Special Issue "Advances in Transparent Conducting Materials"
Deadline for manuscript submissions: closed (31 May 2017)
Prof. Dr. Andrea Li Bassi
Department of Energy, Politecnico di Milano, via Ponzio 34/3, 20133 Milano, Italy
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Interests: nanostructured materials growth; nanostructures for photoconversion and energy applications; carbon nanostructures; nanostructured oxide thin films; structure, vibrational and electronic properties
Prof. Dr. Carlo S. Casari
Associate Professor of Physics of Matter, Department of Energy, Politecnico di Milano, via Ponzio 34/3, 20133 Milano, Italy
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Interests: nanostructured material growth; carbon nanostructures; structure, vibrational and electronic properties; nanostructured oxides for energy applications
Transparent conducting materials (TCM) are being investigated for the development of transparent electrodes in a wide variety of applications, ranging from photovoltaics and photocatalysis, photoelectrochemistry, transparent electronics, optoelectronics and light emitting diodes, to smart windows, flat panel displays, and touch screens.
Typically, conductivity of transparent materials is obtained by strong (degenerate) doping of wide-bandgap oxides. Traditionally, the most studied TCM are, thus, transparent conducting oxides (TCO) and some of them are commercially available and widely employed. However, current research involving different fields (from physics and chemistry to materials science and nanotechnology) still devotes extensive and renewed attention to this class of materials for a number of reasons:
- the improvement of the material properties and performance often requires a compromise between electrical conductivity and transparency in different regions of the electromagnetic spectrum, so that there is still room for material optimization depending on the desired applications;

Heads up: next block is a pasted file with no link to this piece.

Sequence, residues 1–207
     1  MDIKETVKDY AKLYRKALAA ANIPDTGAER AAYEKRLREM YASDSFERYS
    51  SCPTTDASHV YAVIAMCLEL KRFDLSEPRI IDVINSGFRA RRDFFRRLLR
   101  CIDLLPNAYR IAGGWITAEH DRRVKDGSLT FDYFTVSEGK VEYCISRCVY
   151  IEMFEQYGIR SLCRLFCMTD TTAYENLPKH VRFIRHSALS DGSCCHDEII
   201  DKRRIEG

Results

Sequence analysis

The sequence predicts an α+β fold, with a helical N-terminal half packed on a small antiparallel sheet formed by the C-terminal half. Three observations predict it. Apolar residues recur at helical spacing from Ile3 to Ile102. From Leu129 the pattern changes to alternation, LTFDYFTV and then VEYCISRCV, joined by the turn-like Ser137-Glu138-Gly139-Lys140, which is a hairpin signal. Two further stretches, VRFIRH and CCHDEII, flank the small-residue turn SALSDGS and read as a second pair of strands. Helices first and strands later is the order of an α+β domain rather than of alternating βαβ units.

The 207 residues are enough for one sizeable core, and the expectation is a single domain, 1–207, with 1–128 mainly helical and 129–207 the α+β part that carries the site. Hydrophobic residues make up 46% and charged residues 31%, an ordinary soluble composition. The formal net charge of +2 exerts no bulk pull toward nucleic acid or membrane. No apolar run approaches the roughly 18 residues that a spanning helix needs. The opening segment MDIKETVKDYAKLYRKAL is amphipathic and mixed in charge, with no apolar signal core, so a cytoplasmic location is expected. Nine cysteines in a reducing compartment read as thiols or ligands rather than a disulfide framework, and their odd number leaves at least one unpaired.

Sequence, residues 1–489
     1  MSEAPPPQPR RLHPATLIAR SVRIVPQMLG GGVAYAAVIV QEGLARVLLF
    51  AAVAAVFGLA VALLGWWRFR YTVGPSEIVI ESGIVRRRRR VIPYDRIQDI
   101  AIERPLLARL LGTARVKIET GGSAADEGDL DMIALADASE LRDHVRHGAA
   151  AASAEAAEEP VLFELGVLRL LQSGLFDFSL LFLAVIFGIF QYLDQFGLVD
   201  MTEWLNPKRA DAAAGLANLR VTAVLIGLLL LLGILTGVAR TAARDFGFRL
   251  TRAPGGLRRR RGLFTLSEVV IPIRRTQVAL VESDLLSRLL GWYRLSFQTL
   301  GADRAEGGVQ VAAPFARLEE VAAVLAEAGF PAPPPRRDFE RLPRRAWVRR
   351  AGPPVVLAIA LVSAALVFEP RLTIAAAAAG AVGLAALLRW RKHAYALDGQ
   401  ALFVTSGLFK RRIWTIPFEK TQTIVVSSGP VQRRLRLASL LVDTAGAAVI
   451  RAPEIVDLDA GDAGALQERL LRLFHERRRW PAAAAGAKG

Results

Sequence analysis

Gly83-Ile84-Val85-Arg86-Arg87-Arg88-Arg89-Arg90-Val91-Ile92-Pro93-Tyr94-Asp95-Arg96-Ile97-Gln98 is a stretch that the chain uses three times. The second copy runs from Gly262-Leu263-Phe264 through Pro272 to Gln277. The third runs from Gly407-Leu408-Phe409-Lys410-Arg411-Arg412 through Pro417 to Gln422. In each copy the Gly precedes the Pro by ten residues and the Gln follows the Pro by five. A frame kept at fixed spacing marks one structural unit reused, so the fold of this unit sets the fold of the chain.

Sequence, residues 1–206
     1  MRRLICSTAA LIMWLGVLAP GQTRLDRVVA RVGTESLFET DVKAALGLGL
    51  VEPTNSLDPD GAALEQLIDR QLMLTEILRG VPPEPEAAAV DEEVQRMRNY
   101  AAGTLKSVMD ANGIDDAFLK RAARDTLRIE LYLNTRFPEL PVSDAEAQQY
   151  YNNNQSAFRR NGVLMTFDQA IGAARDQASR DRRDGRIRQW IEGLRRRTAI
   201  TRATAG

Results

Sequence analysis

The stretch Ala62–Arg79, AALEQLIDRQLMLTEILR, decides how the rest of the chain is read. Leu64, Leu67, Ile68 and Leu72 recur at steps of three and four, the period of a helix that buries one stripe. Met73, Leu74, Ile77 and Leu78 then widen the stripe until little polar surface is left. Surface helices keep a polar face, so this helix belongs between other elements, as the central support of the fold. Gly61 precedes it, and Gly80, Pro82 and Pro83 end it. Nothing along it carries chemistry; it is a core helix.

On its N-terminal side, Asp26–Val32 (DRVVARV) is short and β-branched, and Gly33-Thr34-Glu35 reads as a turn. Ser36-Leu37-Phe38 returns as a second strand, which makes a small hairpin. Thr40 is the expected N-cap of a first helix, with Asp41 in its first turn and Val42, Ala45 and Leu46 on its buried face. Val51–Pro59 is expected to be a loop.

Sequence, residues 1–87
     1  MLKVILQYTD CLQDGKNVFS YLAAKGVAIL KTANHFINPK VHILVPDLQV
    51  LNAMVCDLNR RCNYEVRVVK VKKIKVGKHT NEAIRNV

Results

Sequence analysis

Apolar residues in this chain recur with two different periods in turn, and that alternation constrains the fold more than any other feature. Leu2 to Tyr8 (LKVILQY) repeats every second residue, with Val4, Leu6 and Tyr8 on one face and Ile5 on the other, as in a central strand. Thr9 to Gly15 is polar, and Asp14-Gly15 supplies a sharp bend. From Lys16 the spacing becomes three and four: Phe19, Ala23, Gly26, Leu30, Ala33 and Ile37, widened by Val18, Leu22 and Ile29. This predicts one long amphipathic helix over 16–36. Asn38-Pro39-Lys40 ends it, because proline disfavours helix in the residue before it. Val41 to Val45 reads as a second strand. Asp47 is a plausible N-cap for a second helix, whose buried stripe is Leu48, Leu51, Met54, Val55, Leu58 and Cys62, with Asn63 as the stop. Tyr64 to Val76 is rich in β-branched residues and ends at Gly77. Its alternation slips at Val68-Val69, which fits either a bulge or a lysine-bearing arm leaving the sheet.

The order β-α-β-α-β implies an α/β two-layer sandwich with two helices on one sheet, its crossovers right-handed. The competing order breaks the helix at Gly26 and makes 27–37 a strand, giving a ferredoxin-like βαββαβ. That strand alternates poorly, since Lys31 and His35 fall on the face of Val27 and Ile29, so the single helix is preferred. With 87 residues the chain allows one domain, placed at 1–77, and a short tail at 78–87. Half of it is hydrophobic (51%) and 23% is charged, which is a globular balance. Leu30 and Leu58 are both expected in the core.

- new TCM are today investigated or searched for, e.g., for cost reduction (In-free TCO; synthesis by solution processing instead of vacuum vapor deposition techniques); to address material stability in aggressive environments (e.g., TiO2-based TCO for photoelectrochemical applications); to realize non-oxide TCM, based for instance on metal nanowire (NW) networks or 2D materials such as graphene; to develop p-type TCM (which are still far from applications but would be necessary, e.g., to realize transparent p-n junctions);
- achievement of novel, additional functional properties beyond electrical conduction and transparency is often desirable: e.g. compatibility with plastic substrates or flexibility (amorphous TCOs, metal NWs, graphene), which requires low processing/synthesis temperatures; light scattering/trapping capability, that can be obtained by morphology modulation at the nano/mesoscale (e.g., using hierarchical nanostructures); large surface area/interface for the realization of diffuse heterojunctions, e.g., in organic/hybrid solar or photocatalysis devices; implementation of IR plasmonic effect; etc.;
- a better understanding of the TCM physics, e.g., in terms of comprehension of the relationship between the complex and non-trivial defect chemistry and the electronic/optical functional properties, which of course would open the way to the possibility of a better engineering/tailoring of the properties.
This Special Issue is open to original and relevant contributions in this growing and strongly interdisciplinary field, addressing different aspects from synthesis, comprehension, material development, demonstration of novel functionalities, novel applications.
Prof. Dr. Andrea Li Bassi
Prof. Dr. Carlo Spartaco Casari
Manuscript Submission Information